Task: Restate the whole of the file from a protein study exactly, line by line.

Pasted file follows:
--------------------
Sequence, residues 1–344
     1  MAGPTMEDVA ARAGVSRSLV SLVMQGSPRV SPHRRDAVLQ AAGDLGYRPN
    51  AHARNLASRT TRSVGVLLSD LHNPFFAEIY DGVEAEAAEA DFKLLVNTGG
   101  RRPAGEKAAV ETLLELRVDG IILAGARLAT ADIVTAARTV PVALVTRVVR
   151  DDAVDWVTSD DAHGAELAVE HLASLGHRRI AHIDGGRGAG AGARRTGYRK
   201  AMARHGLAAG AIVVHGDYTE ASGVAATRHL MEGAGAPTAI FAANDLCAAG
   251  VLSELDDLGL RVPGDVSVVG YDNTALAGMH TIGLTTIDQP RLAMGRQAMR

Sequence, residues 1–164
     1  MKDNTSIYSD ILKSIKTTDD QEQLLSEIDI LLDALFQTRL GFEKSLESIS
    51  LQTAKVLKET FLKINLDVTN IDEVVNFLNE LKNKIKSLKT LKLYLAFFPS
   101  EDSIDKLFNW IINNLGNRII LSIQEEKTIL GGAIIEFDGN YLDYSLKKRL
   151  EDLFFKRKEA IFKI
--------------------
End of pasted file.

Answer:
Sequence, residues 1–344
     1  MAGPTMEDVA ARAGVSRSLV SLVMQGSPRV SPHRRDAVLQ AAGDLGYRPN
    51  AHARNLASRT TRSVGVLLSD LHNPFFAEIY DGVEAEAAEA DFKLLVNTGG
   101  RRPAGEKAAV ETLLELRVDG IILAGARLAT ADIVTAARTV PVALVTRVVR
   151  DDAVDWVTSD DAHGAELAVE HLASLGHRRI AHIDGGRGAG AGARRTGYRK
   201  AMARHGLAAG AIVVHGDYTE ASGVAATRHL MEGAGAPTAI FAANDLCAAG
   251  VLSELDDLGL RVPGDVSVVG YDNTALAGMH TIGLTTIDQP RLAMGRQAMR

Sequence, residues 1–164
     1  MKDNTSIYSD ILKSIKTTDD QEQLLSEIDI LLDALFQTRL GFEKSLESIS
    51  LQTAKVLKET FLKINLDVTN IDEVVNFLNE LKNKIKSLKT LKLYLAFFPS
   101  EDSIDKLFNW IINNLGNRII LSIQEEKTIL GGAIIEFDGN YLDYSLKKRL
   151  EDLFFKRKEA IFKI